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05/04/94 DEBRA PEARSON v. LAKE FOREST COUNTRY DAY

May 4, 1994

DEBRA PEARSON, INDIV. AND AS PARENT AND NEXT FRIEND OF PHOENIX PEARSON, A MINOR, PLAINTIFF-APPELLANT,
v.
LAKE FOREST COUNTRY DAY SCHOOL, ANN M. SHIRAS, AND LARRY IVENS, DEFENDANTS (AMERICAN AIRLINES, INC., AND STEVE J. BRNO, DEFENDANTS-APPELLEES).



Appeal from the Circuit Court of Lake County. No. 92-L-1213. Honorable Bernard E. Drew, Jr., Judge, Presiding.

Released for Publication June 8, 1994. Corrected Nunc Pro Tunc July 26, 1994.

Colwell, Doyle, PECCARELLI

The opinion of the court was delivered by: Colwell

JUSTICE COLWELL delivered the opinion of the court:

Plaintiff, Debra Pearson, brought suit in her capacity as parent and next friend of Phoenix, a 13-year-old girl, against American Airlines (American) for intentional and negligent infliction of emotional distress after American refused to board Phoenix on a flight from Madrid to Dallas at the end of a school-sponsored trip. Plaintiff also sued, individually, American and one of its employees, Steve J. Brno, for defamation, alleging injuries resulting from a letter written by Brno to an employee of the school two months after the incident. Although Lake Forest Country Day School (Lake Forest) and two of its employees were also named as defendants, this appeal involves only plaintiff's claims against American and Brno.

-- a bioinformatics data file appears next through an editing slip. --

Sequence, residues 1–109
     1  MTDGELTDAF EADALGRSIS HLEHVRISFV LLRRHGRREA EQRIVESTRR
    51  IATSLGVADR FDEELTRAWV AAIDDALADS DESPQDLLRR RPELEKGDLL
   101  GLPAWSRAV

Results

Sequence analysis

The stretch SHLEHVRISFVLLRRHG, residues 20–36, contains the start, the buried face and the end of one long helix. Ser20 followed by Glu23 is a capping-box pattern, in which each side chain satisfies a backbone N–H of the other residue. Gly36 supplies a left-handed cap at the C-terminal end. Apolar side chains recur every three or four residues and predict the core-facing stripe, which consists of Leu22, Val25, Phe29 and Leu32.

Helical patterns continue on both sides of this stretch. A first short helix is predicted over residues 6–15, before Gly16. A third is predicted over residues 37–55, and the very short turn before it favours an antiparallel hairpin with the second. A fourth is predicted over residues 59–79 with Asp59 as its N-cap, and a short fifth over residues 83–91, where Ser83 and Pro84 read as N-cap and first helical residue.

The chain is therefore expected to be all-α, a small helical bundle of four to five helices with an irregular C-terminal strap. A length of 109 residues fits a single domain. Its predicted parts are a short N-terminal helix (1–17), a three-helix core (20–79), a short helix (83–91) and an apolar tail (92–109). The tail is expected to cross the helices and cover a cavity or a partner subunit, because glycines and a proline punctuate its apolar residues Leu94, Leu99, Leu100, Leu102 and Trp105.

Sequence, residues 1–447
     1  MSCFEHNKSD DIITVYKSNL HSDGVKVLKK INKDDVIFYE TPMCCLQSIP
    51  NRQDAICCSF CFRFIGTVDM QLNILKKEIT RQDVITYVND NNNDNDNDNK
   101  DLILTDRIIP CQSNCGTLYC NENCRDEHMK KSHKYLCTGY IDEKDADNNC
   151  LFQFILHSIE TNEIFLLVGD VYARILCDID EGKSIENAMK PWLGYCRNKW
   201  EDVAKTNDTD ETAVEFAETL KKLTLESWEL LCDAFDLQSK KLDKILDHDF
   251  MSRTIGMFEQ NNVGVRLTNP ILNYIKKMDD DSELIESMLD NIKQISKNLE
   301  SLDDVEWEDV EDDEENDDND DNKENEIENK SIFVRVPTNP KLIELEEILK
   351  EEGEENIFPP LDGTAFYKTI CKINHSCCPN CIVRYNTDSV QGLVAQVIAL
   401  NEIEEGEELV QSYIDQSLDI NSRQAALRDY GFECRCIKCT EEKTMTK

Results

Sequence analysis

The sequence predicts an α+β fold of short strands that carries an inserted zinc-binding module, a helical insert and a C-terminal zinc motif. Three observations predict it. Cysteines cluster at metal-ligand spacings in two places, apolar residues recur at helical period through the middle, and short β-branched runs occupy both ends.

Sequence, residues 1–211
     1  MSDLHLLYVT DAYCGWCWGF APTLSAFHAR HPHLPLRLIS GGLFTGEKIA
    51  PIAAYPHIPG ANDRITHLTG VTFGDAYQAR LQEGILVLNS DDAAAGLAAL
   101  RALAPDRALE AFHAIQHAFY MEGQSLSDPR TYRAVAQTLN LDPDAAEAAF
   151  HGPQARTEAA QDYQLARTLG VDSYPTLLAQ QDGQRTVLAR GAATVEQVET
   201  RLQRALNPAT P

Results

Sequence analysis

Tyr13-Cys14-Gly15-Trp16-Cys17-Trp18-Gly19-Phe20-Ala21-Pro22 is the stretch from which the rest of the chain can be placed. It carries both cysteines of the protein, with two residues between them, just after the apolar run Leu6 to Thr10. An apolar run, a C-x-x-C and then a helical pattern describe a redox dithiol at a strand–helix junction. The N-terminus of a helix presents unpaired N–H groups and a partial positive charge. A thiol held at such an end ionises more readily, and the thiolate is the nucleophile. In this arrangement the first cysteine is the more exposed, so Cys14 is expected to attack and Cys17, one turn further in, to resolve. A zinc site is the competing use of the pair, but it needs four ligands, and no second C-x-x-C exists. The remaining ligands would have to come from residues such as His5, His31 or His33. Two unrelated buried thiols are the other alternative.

Pursuant to section 2-619 of the Code of Civil Procedure (735 ILCS 5/2-619 (West 1992)), the circuit court dismissed plaintiff's causes of action against American on the ground that they were preempted by the Federal Aviation Act. The court also granted Brno's motion to dismiss the defamation claim against him for lack of personal jurisdiction. We vacate the court's ruling with respect to personal jurisdiction over Brno butaffirm the dismissal of plaintiff's causes of action against both Brno and American.

We note, preliminarily, that plaintiff's statement of facts is defective. Supreme Court Rule 341(e)(6) provides that the facts shall be "stated accurately and fairly without argument or comment." (134 Ill. 2d R. 341(e)(6).) It is not the least bit helpful to our review, or to plaintiff's cause, that her statement of facts is laden with argument and comment. Supreme Court Rules pertaining to appellate briefs are not merely suggestions. First National Bank v. Loffelmacher (1992), 236 Ill. App. 3d 690, 177 Ill. Dec. 299, 603 N.E.2d 80.

The facts, when viewed in the light most favorable to plaintiff, can be summarized as follows. Between June 14 and July 4, 1991, Phoenix participated in a trip to Spain offered by Lake Forest Country Day School (Lake Forest) through its Spanish program. The itinerary included arrival at, and departure from, Madrid, Spain. Because Phoenix's mother, the plaintiff, was an international flight attendant with American, Phoenix was entitled to use a pass available to the families of American employees.